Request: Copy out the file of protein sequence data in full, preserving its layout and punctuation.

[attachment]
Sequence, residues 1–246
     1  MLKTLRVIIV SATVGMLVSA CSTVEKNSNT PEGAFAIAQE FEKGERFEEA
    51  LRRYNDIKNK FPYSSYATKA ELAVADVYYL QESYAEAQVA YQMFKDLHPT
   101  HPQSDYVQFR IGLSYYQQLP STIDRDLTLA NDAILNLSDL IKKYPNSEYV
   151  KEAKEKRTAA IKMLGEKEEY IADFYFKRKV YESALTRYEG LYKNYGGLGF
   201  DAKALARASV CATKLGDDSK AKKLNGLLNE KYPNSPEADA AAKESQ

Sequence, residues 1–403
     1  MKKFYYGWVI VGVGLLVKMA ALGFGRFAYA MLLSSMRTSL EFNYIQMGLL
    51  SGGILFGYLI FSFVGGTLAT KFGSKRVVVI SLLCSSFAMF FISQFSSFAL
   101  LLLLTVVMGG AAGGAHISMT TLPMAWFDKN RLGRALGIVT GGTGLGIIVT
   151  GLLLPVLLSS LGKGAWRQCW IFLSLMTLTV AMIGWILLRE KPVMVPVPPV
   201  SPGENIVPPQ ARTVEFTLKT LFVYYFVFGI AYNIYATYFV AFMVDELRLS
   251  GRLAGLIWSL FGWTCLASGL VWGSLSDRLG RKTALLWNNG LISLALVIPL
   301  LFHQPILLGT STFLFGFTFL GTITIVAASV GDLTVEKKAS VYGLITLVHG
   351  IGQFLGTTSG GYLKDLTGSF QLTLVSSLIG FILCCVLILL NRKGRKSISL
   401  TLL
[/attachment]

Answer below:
Sequence, residues 1–246
     1  MLKTLRVIIV SATVGMLVSA CSTVEKNSNT PEGAFAIAQE FEKGERFEEA
    51  LRRYNDIKNK FPYSSYATKA ELAVADVYYL QESYAEAQVA YQMFKDLHPT
   101  HPQSDYVQFR IGLSYYQQLP STIDRDLTLA NDAILNLSDL IKKYPNSEYV
   151  KEAKEKRTAA IKMLGEKEEY IADFYFKRKV YESALTRYEG LYKNYGGLGF
   201  DAKALARASV CATKLGDDSK AKKLNGLLNE KYPNSPEADA AAKESQ

Sequence, residues 1–403
     1  MKKFYYGWVI VGVGLLVKMA ALGFGRFAYA MLLSSMRTSL EFNYIQMGLL
    51  SGGILFGYLI FSFVGGTLAT KFGSKRVVVI SLLCSSFAMF FISQFSSFAL
   101  LLLLTVVMGG AAGGAHISMT TLPMAWFDKN RLGRALGIVT GGTGLGIIVT
   151  GLLLPVLLSS LGKGAWRQCW IFLSLMTLTV AMIGWILLRE KPVMVPVPPV
   201  SPGENIVPPQ ARTVEFTLKT LFVYYFVFGI AYNIYATYFV AFMVDELRLS
   251  GRLAGLIWSL FGWTCLASGL VWGSLSDRLG RKTALLWNNG LISLALVIPL
   301  LFHQPILLGT STFLFGFTFL GTITIVAASV GDLTVEKKAS VYGLITLVHG
   351  IGQFLGTTSG GYLKDLTGSF QLTLVSSLIG FILCCVLILL NRKGRKSISL
   401  TLL